Mum left around 3pm and that evening my Dad, step-Mum, brother and best friend, Fiona, all arrived. It was so lovely to see them all and for them to meet Oliver. He was the first grandchild for both of my parents, so he was extra special. That night I told Michael to go home and get some proper sleep. He’d slept on the floor of a hospital, on bean bags or in chairs for three nights. He needed to sleep to be on his A game to bring Oliver home the next day so I’d like it if at least one of us was well rested. Plus, I needed some bits from home. He left about 9pm and I got settled down for the night about 11pm. We both fell asleep and Oliver woke up about 2am. That was him done for the night. He was awake until about 6am. I tried everything, feeding, changing, rocking, burping – nothing. He had very little time for me that night. He eventually fell asleep just after 6am and we woke up around 8am when my midwife came in to check on us. She took my blood pressure and for the first time in almost six days – it had gone down! Yay!!! Michael got back around 10am. He had Oliver for an hour or so whilst I showered and got myself sorted. We then packed up the bags and waited to be discharged. Oliver then had his last tests on his hearing and sight and once passed, my blood pressure was checked for the last time and it was normal. What a relief! We were given some leaflets and told the health visitor would be round in a day or two and we were sent on our merry way. I couldn’t have thanked each person in that hospital enough if I’d tried. I received a first class service 100% of the time and the doctors and nurses of the NHS really don’t get the recognition they deserve. Not once was anything too much trouble and they spent hours tirelessly ensuring Oliver arrived safely to the world. I will forever be grateful to them for that.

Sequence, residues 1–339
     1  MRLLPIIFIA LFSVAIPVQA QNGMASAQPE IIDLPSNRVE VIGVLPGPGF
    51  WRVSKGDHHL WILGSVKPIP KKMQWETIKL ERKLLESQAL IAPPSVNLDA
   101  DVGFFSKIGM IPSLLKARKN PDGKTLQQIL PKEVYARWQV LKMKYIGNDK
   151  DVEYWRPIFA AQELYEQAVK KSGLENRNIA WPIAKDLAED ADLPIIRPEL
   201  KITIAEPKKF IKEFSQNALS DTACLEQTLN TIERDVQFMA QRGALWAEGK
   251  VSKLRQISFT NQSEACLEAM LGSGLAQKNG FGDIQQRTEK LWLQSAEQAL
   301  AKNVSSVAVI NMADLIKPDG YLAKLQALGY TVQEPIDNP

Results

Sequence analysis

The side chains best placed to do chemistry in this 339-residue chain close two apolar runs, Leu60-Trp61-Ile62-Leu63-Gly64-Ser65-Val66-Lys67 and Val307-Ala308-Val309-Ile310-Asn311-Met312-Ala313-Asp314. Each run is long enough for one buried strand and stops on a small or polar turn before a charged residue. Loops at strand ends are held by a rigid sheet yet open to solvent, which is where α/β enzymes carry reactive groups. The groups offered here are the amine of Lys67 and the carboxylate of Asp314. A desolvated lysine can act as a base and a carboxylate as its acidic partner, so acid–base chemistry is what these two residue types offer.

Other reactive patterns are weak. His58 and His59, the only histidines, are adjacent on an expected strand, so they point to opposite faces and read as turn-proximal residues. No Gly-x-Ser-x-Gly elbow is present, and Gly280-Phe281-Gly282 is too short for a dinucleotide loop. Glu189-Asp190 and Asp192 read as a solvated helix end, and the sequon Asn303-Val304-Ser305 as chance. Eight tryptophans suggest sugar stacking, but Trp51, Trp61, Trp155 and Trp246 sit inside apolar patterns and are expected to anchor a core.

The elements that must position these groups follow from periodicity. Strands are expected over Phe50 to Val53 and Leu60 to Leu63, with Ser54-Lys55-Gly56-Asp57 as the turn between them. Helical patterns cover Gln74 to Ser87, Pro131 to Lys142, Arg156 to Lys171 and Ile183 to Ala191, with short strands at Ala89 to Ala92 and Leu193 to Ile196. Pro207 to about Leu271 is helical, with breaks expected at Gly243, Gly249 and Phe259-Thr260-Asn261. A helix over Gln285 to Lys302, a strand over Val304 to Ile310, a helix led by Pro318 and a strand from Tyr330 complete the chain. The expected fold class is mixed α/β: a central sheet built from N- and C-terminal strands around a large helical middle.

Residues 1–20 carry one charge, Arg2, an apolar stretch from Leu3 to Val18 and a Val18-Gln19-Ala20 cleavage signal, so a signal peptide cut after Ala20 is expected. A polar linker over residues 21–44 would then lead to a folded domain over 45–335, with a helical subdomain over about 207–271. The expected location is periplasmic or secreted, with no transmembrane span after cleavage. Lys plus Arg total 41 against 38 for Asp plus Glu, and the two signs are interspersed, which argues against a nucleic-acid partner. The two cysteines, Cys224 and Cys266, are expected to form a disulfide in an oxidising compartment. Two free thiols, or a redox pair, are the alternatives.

As we walked back out to the hospital front so many people were peering in the car seat. Everyone asked his name and how I was, whether it was patients, staff, visitors, it was so nice. We secured Ollie in the car and off we went. I remember saying to Michael to go over speed bumps slower than slow because every bump in the road was felt in my scar. We got about 5 minutes from home and I thought, I wonder if I should have sat in the back?! It didn’t even dawn on me. I mean, he slept the whole way so it didn’t really matter but still. We arrived home and Michael brought Oliver and the bags into the lounge. I sat on the sofa and he passed Ollie to me accompanied with a prosecco. ‘Welcome to your home little dude’ I said to him. He fell asleep on my chest and I fell asleep soon after. As the classic song goes… what a difference 4 and half days makes.